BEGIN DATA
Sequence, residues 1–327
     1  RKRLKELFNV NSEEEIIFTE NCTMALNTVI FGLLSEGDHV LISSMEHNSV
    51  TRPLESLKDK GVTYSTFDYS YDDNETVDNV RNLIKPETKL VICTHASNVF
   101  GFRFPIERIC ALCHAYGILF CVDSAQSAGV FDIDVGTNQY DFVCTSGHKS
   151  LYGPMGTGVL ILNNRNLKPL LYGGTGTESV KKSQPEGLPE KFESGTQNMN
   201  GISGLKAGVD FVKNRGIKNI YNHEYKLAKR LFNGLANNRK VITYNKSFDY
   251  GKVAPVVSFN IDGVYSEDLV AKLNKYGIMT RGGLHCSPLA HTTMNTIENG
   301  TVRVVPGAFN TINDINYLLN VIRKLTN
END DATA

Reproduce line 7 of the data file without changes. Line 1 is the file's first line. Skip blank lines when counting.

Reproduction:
   251  GKVAPVVSFN IDGVYSEDLV AKLNKYGIMT RGGLHCSPLA HTTMNTIENG